For a game such as Miami, which for the past two decades has been one of the fiercest annual games in college football, the players should be sufficiently inspired without any emotional appeals from Bowden. Their fuse should have been lit for quite a while, especially when it's the opener as it was in 2004 and 2005 and again on Monday.

Last year, however, was different.

FSU had lost six straight to Miami, several in heartbreaking fashion.

"Coach said he was tired of being picked on," senior offensive tackle Mario Henderson said. "Another thing, he said we had given Miami that confidence and that swagger."


"You definitely can use that," junior defensive tackle Andre Fluellen said. "Every day, Coach B gives us a little talk about things we need to work on, but (the eve) is the time he expresses what he really, deeply feels about the game."

The Seminoles won 10-7.

"The pregame speech in the locker room is overrated," said former Notre Dame coach Lou Holtz, who's an analyst for ESPN. "I remember when I was in college, the coach gave the greatest pep talk pregame. I was so fired up and then I go down on the opening kickoff and a guy hits you in the throat and you can't remember a word he said. Where you have to do it is during the week; to me, Thursday and Friday were the most important (days)."


Bowden has another tradition on the eve of a game, turning the floor over to a player so he can address the team. Usually, it's an upperclassman who offers a testimonial and/or tells his teammates why this particular game is so important to him.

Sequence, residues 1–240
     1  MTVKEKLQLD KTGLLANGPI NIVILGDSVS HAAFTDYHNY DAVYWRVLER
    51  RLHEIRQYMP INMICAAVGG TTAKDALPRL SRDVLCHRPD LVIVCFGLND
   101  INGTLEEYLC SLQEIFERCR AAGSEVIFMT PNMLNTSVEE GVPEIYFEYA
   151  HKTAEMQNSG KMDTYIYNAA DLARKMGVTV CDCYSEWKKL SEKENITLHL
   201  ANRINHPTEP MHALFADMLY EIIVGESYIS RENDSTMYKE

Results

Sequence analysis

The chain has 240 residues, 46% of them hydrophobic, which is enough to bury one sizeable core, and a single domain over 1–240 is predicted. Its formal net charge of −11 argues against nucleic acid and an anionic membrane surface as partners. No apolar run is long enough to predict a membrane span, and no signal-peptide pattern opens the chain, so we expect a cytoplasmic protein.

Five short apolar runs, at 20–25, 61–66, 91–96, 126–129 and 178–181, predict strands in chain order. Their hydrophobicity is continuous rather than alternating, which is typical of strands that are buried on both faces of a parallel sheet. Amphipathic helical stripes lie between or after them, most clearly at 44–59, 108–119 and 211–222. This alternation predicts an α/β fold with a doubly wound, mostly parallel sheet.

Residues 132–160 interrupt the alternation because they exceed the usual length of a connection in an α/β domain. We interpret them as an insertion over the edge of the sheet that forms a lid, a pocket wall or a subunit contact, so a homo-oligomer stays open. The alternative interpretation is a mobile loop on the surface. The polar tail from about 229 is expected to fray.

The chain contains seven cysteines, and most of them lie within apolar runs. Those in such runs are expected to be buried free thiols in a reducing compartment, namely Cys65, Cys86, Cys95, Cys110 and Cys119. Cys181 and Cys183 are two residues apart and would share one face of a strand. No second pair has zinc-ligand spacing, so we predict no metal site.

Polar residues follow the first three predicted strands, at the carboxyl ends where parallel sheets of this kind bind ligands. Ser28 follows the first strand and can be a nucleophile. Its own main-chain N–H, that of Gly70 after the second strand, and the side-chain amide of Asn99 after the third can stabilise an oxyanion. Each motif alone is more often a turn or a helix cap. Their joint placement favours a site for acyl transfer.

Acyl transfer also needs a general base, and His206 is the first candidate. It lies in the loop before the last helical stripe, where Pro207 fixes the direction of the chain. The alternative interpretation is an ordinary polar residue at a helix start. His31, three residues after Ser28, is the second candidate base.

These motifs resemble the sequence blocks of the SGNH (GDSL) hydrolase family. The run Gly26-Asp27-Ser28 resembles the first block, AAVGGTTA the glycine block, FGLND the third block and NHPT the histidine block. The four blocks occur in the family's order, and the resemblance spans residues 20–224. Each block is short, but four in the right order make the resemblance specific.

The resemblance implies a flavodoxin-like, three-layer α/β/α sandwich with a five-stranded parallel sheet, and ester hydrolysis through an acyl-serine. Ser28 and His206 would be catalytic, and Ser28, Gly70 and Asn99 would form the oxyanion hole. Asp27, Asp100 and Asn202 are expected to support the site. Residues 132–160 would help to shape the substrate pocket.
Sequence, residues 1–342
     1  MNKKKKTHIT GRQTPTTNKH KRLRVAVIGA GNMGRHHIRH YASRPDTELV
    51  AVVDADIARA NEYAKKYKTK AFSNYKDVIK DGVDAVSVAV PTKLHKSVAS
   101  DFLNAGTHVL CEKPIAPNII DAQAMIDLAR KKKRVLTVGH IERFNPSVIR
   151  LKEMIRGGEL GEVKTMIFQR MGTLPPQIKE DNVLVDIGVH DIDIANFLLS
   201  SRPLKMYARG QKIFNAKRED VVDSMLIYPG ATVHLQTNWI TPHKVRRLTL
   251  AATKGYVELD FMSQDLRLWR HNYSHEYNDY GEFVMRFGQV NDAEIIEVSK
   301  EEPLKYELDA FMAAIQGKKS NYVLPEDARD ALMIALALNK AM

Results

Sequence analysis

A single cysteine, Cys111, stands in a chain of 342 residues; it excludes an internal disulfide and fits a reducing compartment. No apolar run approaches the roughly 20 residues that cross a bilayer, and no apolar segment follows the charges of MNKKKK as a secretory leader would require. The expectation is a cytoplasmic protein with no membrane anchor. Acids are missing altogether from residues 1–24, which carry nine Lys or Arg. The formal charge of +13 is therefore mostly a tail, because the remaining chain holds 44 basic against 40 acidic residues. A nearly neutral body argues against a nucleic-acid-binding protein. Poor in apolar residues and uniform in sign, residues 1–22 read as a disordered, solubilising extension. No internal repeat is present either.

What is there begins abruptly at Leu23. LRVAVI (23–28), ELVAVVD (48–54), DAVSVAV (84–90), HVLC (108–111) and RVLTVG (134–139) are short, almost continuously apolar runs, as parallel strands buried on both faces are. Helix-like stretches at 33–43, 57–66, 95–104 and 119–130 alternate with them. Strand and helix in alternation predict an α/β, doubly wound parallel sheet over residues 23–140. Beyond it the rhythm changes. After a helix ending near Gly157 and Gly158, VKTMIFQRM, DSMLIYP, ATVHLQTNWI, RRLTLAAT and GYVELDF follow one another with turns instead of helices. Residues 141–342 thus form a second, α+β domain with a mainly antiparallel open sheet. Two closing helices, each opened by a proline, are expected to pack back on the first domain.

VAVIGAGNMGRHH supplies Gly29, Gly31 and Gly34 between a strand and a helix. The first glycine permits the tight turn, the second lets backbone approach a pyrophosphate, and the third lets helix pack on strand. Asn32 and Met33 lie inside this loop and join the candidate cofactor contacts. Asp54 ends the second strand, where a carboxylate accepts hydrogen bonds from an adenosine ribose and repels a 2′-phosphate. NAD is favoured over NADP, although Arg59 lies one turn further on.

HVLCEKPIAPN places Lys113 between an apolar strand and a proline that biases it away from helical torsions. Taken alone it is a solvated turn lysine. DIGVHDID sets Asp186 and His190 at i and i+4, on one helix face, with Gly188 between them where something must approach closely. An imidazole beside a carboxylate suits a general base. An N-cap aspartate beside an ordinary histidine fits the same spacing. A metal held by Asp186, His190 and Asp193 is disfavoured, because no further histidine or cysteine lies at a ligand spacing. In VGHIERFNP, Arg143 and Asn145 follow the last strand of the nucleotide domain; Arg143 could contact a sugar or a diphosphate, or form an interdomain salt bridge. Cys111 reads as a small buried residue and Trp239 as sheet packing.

"It might be as effective as anything I can say," Bowden said.

Case in point: Before last year's Miami game, Kamerion Wimbley, a usually soft-spoken, reserved senior defensive end, told his teammates an intensely personal tale of how he and his sister were raised by his grandmother and the struggles that marked their childhoods.

Few knew that, including Bowden.

"That one had almost everyone in tears," Bowden said.

"I never knew the things about Kam that he talked about," Fluellen said. "You would never expect some of the things you hear. Those are the most memorable times for me at Florida State."

Wimbley went out the next evening and spent as much time in the Miami backfield as quarterback Kyle Wright. That performance not only launched his team to a win, it launched his professional stock into the stratosphere; the Cleveland Browns selected him in the first round (13th overall) in the NFL draft.

Case in point: Quarterback Drew Weatherford, himself inspired by the words of senior Leon Washington, surprised his teammates by getting up and talking on the eve of the ACC Championship Game. Few expected the Seminoles, losers of three straight, to give Virginia Tech much of a game, and Weatherford couldn't take it any more.

"I kind of lost my, not my temper up there, but I just kind of let it all hang out," the former Land O'Lakes star said.

He challenged and inspired.

The Seminoles, thanks to a strong performance from Weatherford, upset the Hokies 27-22.

"Whenever we had those moments when somebody really brought something different to the table, something that really made guys think and look deep down inside, we always came out and played great," senior tailback Lorenzo Booker said. "Every time. That's the thing I want to try to do this year."

And, of course, go out the next day and win one for the Gipper.